The e-ROSA project seeks to build a shared vision of a future sustainable e-infrastructure for research and education in agriculture in order to promote Open Science in this field and as such contribute to addressing related societal challenges. In order to achieve this goal, e-ROSA’s first objective is to bring together the relevant scientific communities and stakeholders and engage them in the process of coelaboration of an ambitious, practical roadmap that provides the basis for the design and implementation of such an e-infrastructure in the years to come.
This website highlights the results of a bibliometric analysis conducted at a global scale in order to identify key scientists and associated research performing organisations (e.g. public research institutes, universities, Research & Development departments of private companies) that work in the field of agricultural data sources and services. If you have any comment or feedback on the bibliometric study, please use the online form.
You can access and play with the graphs:
- Evolution of the number of publications between 2005 and 2015
- Map of most publishing countries between 2005 and 2015
- Network of country collaborations
- Network of institutional collaborations (+10 publications)
- Network of keywords relating to data - Link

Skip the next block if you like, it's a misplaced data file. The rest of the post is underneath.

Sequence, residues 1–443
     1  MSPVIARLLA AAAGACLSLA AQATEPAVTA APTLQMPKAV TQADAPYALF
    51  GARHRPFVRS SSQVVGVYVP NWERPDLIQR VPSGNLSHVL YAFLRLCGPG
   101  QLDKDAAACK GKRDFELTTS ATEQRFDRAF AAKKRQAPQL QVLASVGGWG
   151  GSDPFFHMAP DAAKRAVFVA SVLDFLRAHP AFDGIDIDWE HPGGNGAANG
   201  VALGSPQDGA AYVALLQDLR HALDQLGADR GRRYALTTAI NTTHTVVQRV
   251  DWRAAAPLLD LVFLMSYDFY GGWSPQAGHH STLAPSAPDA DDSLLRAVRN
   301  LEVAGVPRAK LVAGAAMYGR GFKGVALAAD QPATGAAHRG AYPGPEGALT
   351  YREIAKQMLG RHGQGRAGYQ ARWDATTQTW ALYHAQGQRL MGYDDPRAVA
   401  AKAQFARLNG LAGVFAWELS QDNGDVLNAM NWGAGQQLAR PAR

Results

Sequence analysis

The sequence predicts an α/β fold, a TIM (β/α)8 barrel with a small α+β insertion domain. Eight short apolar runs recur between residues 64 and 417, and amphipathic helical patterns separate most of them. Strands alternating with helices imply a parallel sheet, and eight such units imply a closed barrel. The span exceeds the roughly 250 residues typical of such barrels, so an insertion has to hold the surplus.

The recent arrival in Northern and Western (NW) Europe of bluetongue virus (BTV), which causes the ruminant disease 'bluetongue', has raised the profile of this vector-borne ruminant disease and sparked discussions on the reasons for its sudden emergence so far north. This expansion has not happened in isolation and the disease has been expanding into Southern and Eastern Europe for the last decade. This shifting disease distribution is being facilitated by a number of different introduction mechanisms including the movement of infected livestock, the passive movement of infected Culicoides on the wind and, in NW Europe, an unknown route of introduction. The expansion of BTV in Europe has forced a re-evaluation of the importance of Palaearctic Culicoides species in transmission, as well as the importance of secondary transmission routes, such as transplacental transmission, in facilitating the persistence of the virus. The current European outbreak of BTV-8 is believed to have caused greater economic damage than any previous single-serotype outbreak. Although attempts are being made to improve the capacity of European countries to cope with future BTV incursions, the options available are limited by a lack of basic entomological data and limited virological surveillance.
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